Charles Ratton (1897-1986) – who was honoured with an exhibition at the Musée du Quai Branly-Jacques Chirac in 2013 – had a significant impact on the history of African art by virtue of his talents as an expert, collector and dealer. He played a fundamental role in raising so-called primitive objects to the ranks of true art. Sensitive and erudite, Ratton forged a path as a dealer for ‘Haute Époque’ (Medieval and Renaissance) objects, which led to an interest in African arts, then antiques from South Seas and the Americas, and, atypical for the time, Eskimo art. In 1935, he w as a major lender and advisor to the landmark African Negro Art exhibition (Museum of Modern Art, New York), the first African arts show held in a museum of modern art. Ever seeking new opportunities to place African art on the forefront, he included his Yaka headrest (estimate: €40,000-60,000) at an exhibition at the Théâtre Edouard VII in Paris in 1936 celebrating the film premiere of The Green Pastures. Ratton also served as artistic advisor to the renowned 1953 film Les Statues Meurent, Aussi (Statues Also Die), directed by Chris Marker and Alain Resnais for Présence Africaine (it was the subject of an exhibition at the Monnaie de Paris in 2010). Two pieces from the Meunier collection appear in this film, whose whereabouts remained a secret for the past fifty years: Charles Ratton’s superb Fang male on a base by Inagaki (estimated value: € 300,000-500,000) and a Luba-Shankadi headrest (estimate: €500,000-800,000).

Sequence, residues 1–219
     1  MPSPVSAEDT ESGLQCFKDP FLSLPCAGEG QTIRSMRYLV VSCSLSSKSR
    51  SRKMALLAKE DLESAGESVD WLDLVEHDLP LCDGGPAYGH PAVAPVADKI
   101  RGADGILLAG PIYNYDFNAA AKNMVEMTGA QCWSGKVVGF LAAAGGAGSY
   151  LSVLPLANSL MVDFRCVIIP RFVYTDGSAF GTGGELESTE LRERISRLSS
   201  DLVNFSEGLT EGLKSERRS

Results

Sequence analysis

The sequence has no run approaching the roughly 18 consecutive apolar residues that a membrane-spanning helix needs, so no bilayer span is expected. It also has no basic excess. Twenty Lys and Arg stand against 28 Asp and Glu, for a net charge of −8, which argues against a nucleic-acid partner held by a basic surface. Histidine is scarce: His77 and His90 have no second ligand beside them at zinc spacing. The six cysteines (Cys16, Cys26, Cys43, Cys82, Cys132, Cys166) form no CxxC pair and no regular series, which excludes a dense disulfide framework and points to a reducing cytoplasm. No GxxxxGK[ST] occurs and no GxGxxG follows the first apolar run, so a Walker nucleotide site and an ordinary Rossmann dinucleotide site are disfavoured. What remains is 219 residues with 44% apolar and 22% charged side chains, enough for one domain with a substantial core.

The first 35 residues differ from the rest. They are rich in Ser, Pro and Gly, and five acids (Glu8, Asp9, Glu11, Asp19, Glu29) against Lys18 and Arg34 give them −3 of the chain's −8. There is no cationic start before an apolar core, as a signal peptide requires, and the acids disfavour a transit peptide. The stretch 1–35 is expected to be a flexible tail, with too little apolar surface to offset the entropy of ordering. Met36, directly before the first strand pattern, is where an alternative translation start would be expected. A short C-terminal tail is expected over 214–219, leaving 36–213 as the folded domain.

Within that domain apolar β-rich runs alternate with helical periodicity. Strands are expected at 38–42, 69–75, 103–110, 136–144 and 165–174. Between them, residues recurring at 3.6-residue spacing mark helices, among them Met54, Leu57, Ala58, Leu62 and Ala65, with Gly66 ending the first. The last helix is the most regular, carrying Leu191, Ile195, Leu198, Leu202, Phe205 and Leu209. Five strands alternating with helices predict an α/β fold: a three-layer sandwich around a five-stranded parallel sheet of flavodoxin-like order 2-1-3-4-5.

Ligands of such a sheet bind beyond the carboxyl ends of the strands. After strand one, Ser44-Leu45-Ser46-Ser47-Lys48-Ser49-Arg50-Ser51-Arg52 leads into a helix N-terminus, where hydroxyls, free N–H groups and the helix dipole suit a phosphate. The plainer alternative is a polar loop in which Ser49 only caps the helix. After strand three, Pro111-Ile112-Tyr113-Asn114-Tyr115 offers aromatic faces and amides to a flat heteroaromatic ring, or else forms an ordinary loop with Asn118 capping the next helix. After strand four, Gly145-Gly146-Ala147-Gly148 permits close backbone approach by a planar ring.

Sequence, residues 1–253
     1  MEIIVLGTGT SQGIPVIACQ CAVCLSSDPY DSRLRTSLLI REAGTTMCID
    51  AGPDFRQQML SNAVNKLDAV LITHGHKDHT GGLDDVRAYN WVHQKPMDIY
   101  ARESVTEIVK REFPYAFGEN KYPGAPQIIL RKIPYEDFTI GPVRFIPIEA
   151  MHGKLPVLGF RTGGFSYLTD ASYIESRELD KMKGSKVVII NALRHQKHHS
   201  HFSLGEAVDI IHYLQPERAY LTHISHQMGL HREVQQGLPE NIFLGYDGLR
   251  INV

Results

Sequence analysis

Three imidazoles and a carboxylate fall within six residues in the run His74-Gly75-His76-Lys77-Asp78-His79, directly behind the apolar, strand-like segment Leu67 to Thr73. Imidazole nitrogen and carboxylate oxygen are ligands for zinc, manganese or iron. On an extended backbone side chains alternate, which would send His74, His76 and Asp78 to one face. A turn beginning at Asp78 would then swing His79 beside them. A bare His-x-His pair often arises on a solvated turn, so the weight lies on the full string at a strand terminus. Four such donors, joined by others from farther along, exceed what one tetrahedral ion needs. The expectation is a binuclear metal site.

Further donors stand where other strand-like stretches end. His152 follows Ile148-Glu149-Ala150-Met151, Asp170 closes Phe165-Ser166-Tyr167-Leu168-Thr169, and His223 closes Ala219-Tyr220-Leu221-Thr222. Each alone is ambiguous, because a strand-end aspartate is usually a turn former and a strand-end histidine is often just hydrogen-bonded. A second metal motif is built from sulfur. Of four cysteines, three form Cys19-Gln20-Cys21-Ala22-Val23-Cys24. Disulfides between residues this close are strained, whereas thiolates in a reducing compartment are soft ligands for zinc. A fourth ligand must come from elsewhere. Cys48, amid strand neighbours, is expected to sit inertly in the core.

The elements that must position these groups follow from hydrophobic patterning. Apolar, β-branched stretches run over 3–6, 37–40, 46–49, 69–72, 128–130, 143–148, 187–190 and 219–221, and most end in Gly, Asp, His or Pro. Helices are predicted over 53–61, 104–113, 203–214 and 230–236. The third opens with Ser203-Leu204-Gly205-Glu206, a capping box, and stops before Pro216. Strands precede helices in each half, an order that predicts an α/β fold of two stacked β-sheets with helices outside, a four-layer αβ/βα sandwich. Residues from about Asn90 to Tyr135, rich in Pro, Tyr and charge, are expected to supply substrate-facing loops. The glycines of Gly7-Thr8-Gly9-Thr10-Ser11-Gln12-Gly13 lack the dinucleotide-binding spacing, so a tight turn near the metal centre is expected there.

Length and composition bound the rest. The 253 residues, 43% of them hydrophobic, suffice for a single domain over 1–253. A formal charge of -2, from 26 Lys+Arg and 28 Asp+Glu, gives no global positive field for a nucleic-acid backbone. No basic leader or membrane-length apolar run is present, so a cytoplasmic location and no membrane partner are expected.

This masterpiece can be attributed to the most renowned sculptor of the pre-colonial period: The
Other great objects formerly in the collection of Charles Ratton are an exceptional Hungana pendant (estimate: €15,000-25,000) and two Sepik River works from Papua New Guinea, probably acquired from Pierre Loeb, including a four-caryatid headrest estimated at €30,000-40,000.
The Antiquities section comprises lots coming mainly from Egypt, but also from Greece and Rome. Several are of particular interest: an Egyptian limestone relief dated to the New Kingdom and representing the deceased praying in front of two women richly dressed, with three columns of hieroglyphs in between; an Egyptian bronze head of Onuris with inlaid eyes dated to the Third Intermediate Period; a Cycladic marble idol with crossed arms, Late Spedos (circa 2500-2400 B.C) and a charming Attic black figured white ground lekythos representing Hercules's fight with the Triton. This collection stands out by the numerous glass inlays and mosaic fragments it encompasses from the Ptolemaic Period, which evokes the famous ancient glass collections of the early 20th century of Kofler and Groppi.